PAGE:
The online version of this article (doi:10.1186/1752-1947-8-166) contains supplementary material, which is available to authorized users.
Ren-Xing Song, Dao-Kui Wang contributed equally to this work.
The authors declare that they have no competing interests.
R-XS, D-KW and Z-WW were involved in the initial writing of the manuscript. R-XS provided major editing changes. ZW, S-XW and G-XW were primarily involved in the care of our patient. X-GL provided intellectual contributions to the content of the manuscript as well as editorial assistance. All authors have read and approved the final version of the manuscript.
A ruptured aneurysm associated with a pituitary apoplexy is rare. We present the first case report of the coexistence of a ruptured posterior communicating aneurysm with a surgically discovered pituitary apoplexy where the pituitary apoplexy had not been diagnosed by a pre-operative computerized tomography scan.
A 31-year-old right-handed Chinese woman began to experience severe headache, vomiting and blurred vision which continued for two days. On admission to the hospital, a brain computerized tomography scan demonstrated a small amount of increased signal in the basal cisterns; no evidence of intrasellar and suprasellar lesions was seen. The appearance of her brain suggested aneurysmal subarachnoid hemorrhage. She had nuchal rigidity and reduced vision. There was no extra-ocular palsy and no other neurological deficit. Our patient had no stigmata of Cushing’s syndrome or acromegaly. During an interview for further history, she reported normal menses and denied reduced vision.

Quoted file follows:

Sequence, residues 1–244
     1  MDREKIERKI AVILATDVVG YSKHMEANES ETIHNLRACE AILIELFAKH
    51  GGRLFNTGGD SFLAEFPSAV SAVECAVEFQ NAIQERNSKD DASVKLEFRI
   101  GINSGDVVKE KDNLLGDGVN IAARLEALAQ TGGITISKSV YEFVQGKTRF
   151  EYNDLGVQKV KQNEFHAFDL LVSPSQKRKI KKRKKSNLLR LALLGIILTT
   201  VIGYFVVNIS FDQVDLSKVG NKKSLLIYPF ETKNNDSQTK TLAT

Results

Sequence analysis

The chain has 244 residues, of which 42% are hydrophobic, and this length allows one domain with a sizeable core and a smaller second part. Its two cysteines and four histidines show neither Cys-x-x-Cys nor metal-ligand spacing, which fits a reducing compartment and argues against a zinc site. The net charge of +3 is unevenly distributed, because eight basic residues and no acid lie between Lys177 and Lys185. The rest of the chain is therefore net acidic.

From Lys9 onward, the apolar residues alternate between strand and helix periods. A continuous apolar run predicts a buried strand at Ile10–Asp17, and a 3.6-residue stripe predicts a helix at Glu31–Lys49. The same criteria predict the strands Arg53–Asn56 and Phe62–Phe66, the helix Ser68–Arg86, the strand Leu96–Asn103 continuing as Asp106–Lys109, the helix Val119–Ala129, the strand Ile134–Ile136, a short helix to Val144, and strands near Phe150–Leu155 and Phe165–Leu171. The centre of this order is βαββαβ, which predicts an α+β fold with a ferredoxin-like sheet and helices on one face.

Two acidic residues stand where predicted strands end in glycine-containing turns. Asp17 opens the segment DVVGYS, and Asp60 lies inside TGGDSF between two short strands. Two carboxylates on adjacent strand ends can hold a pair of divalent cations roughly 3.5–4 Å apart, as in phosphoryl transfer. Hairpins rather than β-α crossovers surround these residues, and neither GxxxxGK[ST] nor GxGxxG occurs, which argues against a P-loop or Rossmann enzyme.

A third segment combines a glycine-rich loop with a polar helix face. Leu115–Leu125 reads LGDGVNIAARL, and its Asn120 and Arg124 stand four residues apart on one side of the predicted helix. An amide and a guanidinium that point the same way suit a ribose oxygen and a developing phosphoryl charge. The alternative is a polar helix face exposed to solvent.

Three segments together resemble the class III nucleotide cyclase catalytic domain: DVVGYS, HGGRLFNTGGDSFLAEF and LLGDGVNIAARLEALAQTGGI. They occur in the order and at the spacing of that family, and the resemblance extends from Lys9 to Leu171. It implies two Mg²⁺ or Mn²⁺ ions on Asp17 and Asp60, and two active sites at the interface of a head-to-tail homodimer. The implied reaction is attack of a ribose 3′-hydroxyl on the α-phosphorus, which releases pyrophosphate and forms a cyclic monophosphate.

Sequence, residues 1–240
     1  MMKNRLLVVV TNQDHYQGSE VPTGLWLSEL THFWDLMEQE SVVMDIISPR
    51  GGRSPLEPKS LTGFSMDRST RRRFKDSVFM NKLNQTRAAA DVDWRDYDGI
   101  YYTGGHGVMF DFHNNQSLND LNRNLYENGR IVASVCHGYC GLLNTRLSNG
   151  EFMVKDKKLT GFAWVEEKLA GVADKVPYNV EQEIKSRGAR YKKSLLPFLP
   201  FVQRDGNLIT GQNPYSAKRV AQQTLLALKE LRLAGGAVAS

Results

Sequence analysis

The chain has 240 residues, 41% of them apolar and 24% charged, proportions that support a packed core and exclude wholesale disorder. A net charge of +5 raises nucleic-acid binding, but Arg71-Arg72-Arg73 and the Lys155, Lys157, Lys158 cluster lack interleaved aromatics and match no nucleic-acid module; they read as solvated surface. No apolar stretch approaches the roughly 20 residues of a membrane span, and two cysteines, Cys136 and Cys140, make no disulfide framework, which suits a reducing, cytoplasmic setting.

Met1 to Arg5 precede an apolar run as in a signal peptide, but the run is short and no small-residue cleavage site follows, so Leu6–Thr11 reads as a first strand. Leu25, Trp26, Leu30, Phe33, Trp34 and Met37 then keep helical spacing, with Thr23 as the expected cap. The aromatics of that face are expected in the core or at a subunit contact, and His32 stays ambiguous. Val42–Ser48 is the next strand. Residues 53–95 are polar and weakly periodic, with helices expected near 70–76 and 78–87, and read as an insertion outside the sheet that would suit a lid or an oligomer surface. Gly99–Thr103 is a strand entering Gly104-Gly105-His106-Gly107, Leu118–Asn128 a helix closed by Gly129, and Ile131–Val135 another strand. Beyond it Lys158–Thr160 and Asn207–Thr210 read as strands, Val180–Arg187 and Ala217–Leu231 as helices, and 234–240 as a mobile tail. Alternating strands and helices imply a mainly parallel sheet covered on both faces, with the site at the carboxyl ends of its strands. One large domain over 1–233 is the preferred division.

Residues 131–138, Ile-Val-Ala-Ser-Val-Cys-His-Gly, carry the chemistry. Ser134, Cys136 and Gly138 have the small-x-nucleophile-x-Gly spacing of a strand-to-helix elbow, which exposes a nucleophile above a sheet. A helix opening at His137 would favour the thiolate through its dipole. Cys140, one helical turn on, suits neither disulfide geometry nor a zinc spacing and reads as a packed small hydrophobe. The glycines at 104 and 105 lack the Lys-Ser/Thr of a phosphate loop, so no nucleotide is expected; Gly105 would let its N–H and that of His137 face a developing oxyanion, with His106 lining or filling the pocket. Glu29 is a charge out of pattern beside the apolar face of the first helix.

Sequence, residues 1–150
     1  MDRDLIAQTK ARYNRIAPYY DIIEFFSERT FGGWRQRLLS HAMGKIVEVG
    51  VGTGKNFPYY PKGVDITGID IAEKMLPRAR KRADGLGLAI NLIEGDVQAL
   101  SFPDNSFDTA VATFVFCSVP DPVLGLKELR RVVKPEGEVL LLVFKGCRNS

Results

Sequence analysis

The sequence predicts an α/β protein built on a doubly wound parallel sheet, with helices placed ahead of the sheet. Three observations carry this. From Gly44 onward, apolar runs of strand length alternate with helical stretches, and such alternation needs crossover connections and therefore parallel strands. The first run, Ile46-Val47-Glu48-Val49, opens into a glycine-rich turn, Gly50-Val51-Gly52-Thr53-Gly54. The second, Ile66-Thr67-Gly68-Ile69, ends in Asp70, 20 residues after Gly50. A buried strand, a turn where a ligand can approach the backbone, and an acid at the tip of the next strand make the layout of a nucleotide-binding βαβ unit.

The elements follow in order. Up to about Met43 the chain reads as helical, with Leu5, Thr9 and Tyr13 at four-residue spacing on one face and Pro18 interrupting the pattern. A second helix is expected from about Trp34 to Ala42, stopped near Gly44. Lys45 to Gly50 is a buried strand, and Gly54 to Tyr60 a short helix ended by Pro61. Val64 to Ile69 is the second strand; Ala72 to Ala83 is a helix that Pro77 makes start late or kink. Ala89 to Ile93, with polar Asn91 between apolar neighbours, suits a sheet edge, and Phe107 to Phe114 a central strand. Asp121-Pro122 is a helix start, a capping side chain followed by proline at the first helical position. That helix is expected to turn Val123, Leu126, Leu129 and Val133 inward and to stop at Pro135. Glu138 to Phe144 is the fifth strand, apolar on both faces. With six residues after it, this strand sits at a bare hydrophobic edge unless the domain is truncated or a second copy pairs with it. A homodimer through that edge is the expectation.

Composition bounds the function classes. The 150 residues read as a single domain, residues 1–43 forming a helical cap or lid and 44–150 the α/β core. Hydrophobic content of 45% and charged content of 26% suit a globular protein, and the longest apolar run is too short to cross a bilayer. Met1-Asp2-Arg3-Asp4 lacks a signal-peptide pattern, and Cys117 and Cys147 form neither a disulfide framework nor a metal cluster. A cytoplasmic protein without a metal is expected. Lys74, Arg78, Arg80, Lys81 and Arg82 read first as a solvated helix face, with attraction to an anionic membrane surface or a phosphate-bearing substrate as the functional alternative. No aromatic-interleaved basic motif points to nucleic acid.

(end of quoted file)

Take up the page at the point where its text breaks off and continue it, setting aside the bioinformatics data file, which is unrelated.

Cerebral digital subtraction angiography was subsequently performed, which revealed a 6mm left posterior communicating aneurysm. Urgent left pterional craniotomy was performed. The left ruptured posterior communicating artery aneurysm was completely dissected prior to clipping. At surgery, a suprasellar mass was discovered, the tumor bulging the diaphragma sella and projecting anteriorly under the chiasm raising suspicion of a pituitary tumor. The anterior part of the tumor capsule was opened and a necrotic tumor mixed with dark old blood was removed. The appearance suggested pituitary apoplexy.
Histopathology revealed pituitary adenoma with evidence of hemorrhagic necrosis. Our patient made a good recovery.
Our case report proves that pituitary apoplexy can be coexistent with the rupture of a posterior communicating aneurysm. This association should be considered when evaluating any case of aneurysm. A normal computerized tomography scan does not exclude pituitary apoplexy. Pre-operative magnetic resonance imaging interpretation is required if a pituitary apoplexy is suspected. Craniotomy allows a coexisting aneurysm and pituitary apoplexy to be simultaneously treated.
Xia X, Ramanathan M, Orr BA, Salmasi V, Salvatori R, Reh DD, Gallia GL: Expanded endonasal endoscopic approach for resection of a growth hormone-secreting pituitary macroadenoma coexistent with a cavernous carotid artery aneurysm. J Clin Neurosci. 2012, 19: 1437-1441. 10.1016/j.jocn.2011.11.032. CrossRefPubMed
- Coexistence of aneurysmal subarachnoid hemorrhage and surgically identified pituitary apoplexy: a case report and review of the literature
- BioMed Central